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CHAPTER 11 Particle Movement and There Transformation

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pp. 102-106

The particle movement (prt movt) and there transformation are operations involving a rearrangement of words in basic sentences, and, in the case of there, the addition of a word. The meaning relationships in the sentence, for the most part, remain the same after the transformation. ...

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CHAPTER 12 The Passive Transformation

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pp. 107-113

The italicized verb phrases are all passive voice. An individual not understanding the structure of the passive could derive the wrong information concerning some of the facts of the story. Having arrived at a level of being able to understand the subject-verb-object relationships in sentences, ...

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CHAPTER 13 Language Analysis II and Review

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pp. 114-125

The first set of chapters presented basic sentences and complexities in noun and verb phrases. The second set dealt with additional complexities that result from modality changes and from single base transformations, operations involving single sentences. Most of the complexities to this point have been in single ...

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CHAPTER 14 Coordination

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pp. 126-134

Complex sentences containing two or more propositions are primarily derived by means of operations. These operations include conjoining, relativization, compleĀ· mentation, and nominalization. Thus far, you have dealt with complex sentences containing two propositions that were derived with operations ...

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CHAPTER 15 Subordination

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pp. 135-142

Propositions may be linked in the surface structure to express meaning relationships such as time, location, manner, concession; cause and effect relationships; and conditional relationships. The resulting sentences will consist of an independent clause and a dependent clause introduced by a subordinating conjunction. ...

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CHAPTER 16 Relativization

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pp. 143-158

The previous two chapters dealt primarily with complex sentences involving the process of conjoining with either coordinating or subordinating conjunctions. A second operation for relating propositions is relativization, in which one proposition is embedded into a main or core proposition. ...

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CHAPTER 17 Comparatives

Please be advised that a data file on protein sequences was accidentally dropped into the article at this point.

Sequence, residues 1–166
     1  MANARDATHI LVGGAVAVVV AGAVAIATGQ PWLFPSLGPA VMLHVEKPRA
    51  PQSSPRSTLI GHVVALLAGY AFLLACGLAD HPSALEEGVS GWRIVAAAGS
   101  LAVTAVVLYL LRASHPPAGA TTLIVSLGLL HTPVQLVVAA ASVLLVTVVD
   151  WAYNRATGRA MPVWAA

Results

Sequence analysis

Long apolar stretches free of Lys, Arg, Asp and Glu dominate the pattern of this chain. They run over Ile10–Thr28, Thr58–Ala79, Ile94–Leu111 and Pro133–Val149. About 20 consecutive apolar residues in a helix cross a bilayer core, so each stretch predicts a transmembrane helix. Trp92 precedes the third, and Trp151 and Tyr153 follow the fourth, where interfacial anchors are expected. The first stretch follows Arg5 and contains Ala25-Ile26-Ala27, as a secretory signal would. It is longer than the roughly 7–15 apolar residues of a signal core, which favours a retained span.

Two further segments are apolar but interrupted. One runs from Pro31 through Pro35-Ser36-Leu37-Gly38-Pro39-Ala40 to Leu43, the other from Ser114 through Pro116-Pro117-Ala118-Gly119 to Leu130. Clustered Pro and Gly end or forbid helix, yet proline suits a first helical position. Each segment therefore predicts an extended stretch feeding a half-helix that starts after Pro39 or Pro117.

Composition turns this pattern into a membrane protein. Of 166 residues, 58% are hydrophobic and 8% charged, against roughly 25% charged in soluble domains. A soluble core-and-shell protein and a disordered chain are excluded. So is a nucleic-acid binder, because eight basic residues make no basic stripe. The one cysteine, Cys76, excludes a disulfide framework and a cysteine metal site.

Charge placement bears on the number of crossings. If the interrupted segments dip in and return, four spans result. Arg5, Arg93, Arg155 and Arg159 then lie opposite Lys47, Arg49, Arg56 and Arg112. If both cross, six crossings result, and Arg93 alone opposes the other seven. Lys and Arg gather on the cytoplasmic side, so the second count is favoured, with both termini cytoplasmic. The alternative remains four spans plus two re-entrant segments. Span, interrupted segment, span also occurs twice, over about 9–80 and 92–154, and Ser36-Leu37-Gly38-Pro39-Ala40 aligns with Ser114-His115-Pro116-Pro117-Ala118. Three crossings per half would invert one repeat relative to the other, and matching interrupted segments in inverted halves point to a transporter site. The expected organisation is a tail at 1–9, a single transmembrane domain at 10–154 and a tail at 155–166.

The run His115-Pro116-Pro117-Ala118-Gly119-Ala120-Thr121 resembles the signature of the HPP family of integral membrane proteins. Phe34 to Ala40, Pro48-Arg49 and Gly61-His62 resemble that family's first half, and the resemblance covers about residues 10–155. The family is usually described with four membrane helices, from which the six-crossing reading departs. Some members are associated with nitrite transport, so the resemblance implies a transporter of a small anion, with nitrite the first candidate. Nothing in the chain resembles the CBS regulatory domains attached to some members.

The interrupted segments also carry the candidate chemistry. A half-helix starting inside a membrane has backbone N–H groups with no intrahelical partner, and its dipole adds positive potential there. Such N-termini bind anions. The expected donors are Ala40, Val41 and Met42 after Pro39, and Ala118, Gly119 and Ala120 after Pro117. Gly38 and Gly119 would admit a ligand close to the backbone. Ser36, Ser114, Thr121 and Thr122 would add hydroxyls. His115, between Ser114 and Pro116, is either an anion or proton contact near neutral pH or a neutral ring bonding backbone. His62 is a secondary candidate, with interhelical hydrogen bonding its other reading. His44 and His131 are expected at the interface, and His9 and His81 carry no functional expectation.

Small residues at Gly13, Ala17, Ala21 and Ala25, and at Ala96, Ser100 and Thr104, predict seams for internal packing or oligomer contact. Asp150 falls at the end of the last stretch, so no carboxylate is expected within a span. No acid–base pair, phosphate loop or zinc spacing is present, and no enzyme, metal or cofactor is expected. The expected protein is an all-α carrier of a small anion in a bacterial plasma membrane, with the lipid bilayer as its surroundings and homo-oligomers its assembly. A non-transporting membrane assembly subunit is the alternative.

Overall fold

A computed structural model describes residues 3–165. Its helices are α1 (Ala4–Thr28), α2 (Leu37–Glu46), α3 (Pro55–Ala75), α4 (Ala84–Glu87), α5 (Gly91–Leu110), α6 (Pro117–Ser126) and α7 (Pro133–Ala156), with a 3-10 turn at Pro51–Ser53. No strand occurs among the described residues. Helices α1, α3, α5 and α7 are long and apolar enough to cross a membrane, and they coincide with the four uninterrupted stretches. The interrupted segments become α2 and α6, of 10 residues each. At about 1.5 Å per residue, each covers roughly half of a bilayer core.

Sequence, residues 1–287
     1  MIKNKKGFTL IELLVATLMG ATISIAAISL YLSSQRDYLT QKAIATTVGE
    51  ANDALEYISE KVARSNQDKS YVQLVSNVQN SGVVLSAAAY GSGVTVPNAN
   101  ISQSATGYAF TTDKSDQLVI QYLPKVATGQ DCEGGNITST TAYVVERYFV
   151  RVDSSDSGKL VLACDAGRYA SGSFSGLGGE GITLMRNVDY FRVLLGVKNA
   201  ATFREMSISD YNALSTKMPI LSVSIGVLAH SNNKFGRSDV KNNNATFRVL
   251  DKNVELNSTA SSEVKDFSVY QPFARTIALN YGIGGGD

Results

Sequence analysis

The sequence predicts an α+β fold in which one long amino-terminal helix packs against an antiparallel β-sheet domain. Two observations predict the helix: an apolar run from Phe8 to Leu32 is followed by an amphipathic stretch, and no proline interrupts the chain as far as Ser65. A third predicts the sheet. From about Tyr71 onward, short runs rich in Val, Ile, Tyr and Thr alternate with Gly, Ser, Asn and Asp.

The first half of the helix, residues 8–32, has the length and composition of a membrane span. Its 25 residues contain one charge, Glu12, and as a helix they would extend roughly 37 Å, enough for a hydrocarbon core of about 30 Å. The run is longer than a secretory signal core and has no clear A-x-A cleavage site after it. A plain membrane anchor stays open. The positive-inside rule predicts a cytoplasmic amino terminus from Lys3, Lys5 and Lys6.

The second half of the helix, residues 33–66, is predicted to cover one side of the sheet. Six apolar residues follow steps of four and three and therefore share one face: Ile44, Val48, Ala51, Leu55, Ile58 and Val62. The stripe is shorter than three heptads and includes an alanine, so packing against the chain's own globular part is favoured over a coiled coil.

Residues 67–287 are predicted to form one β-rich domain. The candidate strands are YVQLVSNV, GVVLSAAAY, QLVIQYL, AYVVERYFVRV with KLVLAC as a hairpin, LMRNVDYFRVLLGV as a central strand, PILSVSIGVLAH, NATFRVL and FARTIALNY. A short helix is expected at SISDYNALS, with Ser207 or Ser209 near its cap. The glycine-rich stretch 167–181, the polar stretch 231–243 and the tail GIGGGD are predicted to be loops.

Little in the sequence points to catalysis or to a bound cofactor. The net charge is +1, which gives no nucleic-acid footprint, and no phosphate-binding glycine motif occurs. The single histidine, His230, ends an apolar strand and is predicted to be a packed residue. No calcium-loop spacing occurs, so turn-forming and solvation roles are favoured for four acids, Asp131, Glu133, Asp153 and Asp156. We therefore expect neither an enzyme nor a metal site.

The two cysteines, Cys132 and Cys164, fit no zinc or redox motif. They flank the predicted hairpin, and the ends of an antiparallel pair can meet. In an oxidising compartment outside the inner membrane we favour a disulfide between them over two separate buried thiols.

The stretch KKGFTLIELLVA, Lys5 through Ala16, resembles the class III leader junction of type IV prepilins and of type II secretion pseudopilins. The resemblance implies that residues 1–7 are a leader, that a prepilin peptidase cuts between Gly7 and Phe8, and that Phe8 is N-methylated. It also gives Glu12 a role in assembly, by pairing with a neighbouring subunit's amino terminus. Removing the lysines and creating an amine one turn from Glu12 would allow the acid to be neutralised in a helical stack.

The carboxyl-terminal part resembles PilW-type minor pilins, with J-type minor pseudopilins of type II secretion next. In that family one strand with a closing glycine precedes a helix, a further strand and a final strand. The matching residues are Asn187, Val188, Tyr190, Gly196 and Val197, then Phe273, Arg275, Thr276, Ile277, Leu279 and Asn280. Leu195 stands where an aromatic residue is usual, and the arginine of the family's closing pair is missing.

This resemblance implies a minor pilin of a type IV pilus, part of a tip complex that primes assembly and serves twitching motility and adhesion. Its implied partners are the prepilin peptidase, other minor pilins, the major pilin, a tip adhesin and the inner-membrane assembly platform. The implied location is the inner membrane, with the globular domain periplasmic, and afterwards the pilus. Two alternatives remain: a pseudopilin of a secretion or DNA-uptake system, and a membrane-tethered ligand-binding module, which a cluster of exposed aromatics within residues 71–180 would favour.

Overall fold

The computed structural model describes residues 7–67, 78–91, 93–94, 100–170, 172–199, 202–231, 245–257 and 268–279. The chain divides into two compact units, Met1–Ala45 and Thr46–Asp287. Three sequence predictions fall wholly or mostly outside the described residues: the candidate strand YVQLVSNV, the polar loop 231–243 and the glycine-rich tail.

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pp. 159-164

The ability to use comparatives, both the comparative and superlative degrees, reflects a certain level of cognitive or conceptual maturity. Hargis (1977) commented on the importance of comparative constructions in communicating cognitive processes such as seriation and conservation. ...

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CHAPTER 18 Language Analysis III and Review

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pp. 165-176

The preceding chapters introduced conjoinings, relativizations, and comparatives. With the exception of the noun phrase elaborations (adjective, noun adjunct, and possessive modifiers) these syntactic complexities are the first that involve processes by means of which two or more propositions may be expressed in one sentence. ...

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CHAPTER 19 Nominalization and Complementation

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pp. 177-194

The previous chapters on coordination and relativization centered on two of the four processes used for relating propositions. Complex sentences, those which express more than a single proposition, may also involve complementation and nominalization. The last chapters deal with these two processes for ...

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CHAPTER 20 Complementation with Direct and Indirect Discourse

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pp. 195-204

There are syntactic forms for reporting discourse either verbatim (exactly, e.g., Mother said, "Dad will be late") or in an indirect way (e.g., Mother said that Dad would be late). These syntactic forms, direct and indirect discourse, involve forms of complementation. The reported spoken utterance is syntactically ...

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CHAPTER 21 Complementation with Wh-Clauses, Factive Clauses, and Other Nominalizations

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pp. 205-212

The last of the complexities to be presentE!d in the text are also forms of nominalization and complementation. All of the possible complexities of English will not be presented; however, the author's intent has been to present the majority of the structures that the teacher or clinician needs to be aware of for evaluating, ...

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CHAPTER 22 Language Analysis IV and Review

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pp. 213-221

The concluding chapter of the text is another review. It contains additional practice on a contrived sample of language that would be typical of a child who is developing language normally. There is also practice on locating complexities in language that would typically be found in reading materials at the elementary-school level. ...

REFERENCES

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pp. 222-224

AUTHOR INDEX

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pp. 225-

SUBJECT INDEX

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pp. 226-234


E-ISBN-13: 9781563681578
E-ISBN-10: 1563681579
Print-ISBN-13: 9780913580912
Print-ISBN-10: 0913580910

Page Count: 248
Publication Year: 1984

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Subject Headings

  • Individualized instruction.
  • English language -- Study and teaching.
  • Deaf -- Education.
  • English language -- Grammar, Generative.
  • English language -- Study and teaching (Higher).